"I discovered this album during perhaps the darkest period of my life. I had already been a fan of Toad the wet sprocket for several years but was unfamiliar with their early work. I had never heard such intense melodies and chords combined with such deep and penetrating lyrics that seemed to express exactly what I was feeling at the time. I was especially touched by the song "High on a riverbed" whose dark yet beautiful melody and profound lyrics seemed to be speaking right to me and no one else. "I think about" is the other song which really grabbed my heart.But the entire album is nothing short of BRILLIANT! I was even more impressed when I found out how young these guys were when they made this album(They were only 18 year old kids at the time!)
I highly recommend this album to anyone who has ever been through tough times and lived to tell about it. It is one the greatest tragedies of the modern music era that such a talented band like Toad never achieved the commercial success that they so richly deserved yet we are forced to listen to an endless barrage of countless Boy/Girl bands who don't have even half the raw talent that these guys do. Nuff said!"
The power of words
Brian W. Fullford | Jacksonville, FL United States | 12/09/2000
(5 out of 5 stars)
"In the early 90's, on a classic rock stations venture into alternative music, I heard, on this Sunday night, Way Away from Bread and Circus. From that night I was taken with the expression of the human condition that this band spoke of, not only through lyrics, but also through the accompanying music. My fear is that their influence on the music scene was not far reaching enough to keep their legacy in print.This album is a must. It is a dark album, but within the darkness are moments of clarity, as the clouds recede. Nothing is Alone and I Think About are 2 of the more stirring moments, but what I feel is the classic Toad song is High on A Riverbed. This song makes this album worth the money. This is the song that causes you to persevere in light of any circumstance. This is the echo of hope from the canyon walls when it is grief and pain that you have thrown to it. This is a song that all should hear.Pale is the last of what I would call the non-commercial sounding Toad albums. This is not a cut at Toad, I rate all their albums with 5 stars, but the mood on the subsequent albums takes on a more playful and mature sound.Add this to your collection. Add this to your life."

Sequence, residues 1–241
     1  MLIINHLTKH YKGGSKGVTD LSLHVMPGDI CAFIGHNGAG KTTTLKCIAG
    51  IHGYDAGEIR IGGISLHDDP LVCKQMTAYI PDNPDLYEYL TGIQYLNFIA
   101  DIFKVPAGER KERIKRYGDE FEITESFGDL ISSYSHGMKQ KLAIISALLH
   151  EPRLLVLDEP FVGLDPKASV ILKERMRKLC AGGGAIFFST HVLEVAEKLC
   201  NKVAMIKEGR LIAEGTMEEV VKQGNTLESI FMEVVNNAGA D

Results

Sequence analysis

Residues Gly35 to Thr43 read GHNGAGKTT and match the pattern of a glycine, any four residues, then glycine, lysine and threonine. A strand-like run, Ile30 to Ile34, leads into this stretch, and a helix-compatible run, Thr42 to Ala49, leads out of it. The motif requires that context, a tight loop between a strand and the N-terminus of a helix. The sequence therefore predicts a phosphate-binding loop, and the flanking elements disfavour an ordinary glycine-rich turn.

Opened my eyes
J. vanderHagen | Albany, MN USA | 08/21/2000
(5 out of 5 stars)
"Who the he** is Toad the Wet Sprocket? How many times have I heard that question? Ironic, though, that these words, uttered by me as a pimple faced, head-banging, college freshman, were the first words out of my mouth when my then roommate first put this album on back in 1990. Alternative, progressive, folk-rock, whatever you wanted to call it, I wasn't gonna have any of it...at the time. Metal music was where it was at. However, Glen, Todd, Randy and Dean had the power and ability to open my eyes. This album MOVED me. From the opening sounds of Torn and Come Back Down (not to be confused with Come Down from Coil) to the false ending in Jam to She Cried, the album was wonderful. It was the first album outside of the "Metal" genre that I was open to. Once that door is open a crack, it's easy to open it the whole way. One of their better albums."
Ah yes, the long lost treasure
Jeans Yoder | Yoder, KS | 10/24/2003
(5 out of 5 stars)